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Abstract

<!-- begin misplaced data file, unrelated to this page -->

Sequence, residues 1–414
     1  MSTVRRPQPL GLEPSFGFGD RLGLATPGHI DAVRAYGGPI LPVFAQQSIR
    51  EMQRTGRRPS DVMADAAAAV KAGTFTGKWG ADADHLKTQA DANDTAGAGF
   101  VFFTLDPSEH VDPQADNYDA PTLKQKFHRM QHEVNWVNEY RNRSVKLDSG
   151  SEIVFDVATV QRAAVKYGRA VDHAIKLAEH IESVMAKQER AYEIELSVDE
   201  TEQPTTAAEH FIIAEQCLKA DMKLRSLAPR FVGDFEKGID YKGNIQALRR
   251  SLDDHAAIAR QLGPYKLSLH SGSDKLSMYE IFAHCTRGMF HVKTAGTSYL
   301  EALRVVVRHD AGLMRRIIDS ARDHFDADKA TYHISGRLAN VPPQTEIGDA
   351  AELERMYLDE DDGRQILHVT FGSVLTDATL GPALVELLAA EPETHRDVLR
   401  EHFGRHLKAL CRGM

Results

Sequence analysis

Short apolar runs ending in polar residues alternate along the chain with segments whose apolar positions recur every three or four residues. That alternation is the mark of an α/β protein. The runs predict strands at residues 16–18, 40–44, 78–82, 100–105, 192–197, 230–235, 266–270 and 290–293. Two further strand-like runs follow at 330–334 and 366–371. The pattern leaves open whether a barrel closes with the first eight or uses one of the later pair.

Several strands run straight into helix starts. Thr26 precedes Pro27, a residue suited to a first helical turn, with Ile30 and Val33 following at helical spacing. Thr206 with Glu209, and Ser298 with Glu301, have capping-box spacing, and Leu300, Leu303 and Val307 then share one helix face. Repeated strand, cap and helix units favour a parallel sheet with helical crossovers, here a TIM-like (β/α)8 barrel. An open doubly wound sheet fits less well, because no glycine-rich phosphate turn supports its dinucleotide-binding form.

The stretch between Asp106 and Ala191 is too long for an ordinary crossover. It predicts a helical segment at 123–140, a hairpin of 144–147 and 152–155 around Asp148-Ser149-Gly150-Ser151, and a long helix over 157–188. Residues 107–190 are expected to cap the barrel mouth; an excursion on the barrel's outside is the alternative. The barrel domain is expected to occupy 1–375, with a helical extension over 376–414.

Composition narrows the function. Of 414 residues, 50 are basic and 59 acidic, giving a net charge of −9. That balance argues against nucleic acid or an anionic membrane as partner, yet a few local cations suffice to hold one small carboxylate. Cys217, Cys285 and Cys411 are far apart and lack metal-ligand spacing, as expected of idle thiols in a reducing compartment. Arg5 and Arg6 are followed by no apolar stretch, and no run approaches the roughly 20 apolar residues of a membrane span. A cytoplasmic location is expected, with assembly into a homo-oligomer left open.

Many plasmacytomas arising in BALB/c mice require a specific, macrophage-derived growth factor in order to proliferate in vitro. Since transferin receptor expression is normally regulated by tissue-specific growth factors and because expression of these receptors is required for cell proliferation, we examined the interaction of plasmacytoma growth factor (PCT-GF) on transferrin receptor expression and cell cycle progression in several PCT-GF-dependent and independent plasmacytoma cell lines maintained in vitro. We found that removal of PCT-GF results in a rapid and specific loss of transferrin receptor expression with concomitant G1 arrest in early G1. The time required for G1 arrest to become maximal correlates closely to the initial level of surface transferrin receptor expression and the rate of decay following removal of PCT-GF. The calcium channel blocker diltiazem interferes with the ability of PCT-GF to maintain transferrin receptor expression in PCT-GF-dependent cell lines and causes a G1 arrest of the cell population. When added to a PCT-GF-independent cell line, diltiazem also inhibited transferrin receptor expression and caused G1 arrest. Thus, both PCT-GF-dependent and -independent plasmacytoma cell lines require transferrin receptor expression for growth. In factor dependent cell lines, transferrin receptor expression requires exogenous PCT-GF, while in factor-independent cells, transferrin receptor expression is constitutive. In both cell types, intracellular calcium levels may play a role in receptor expression.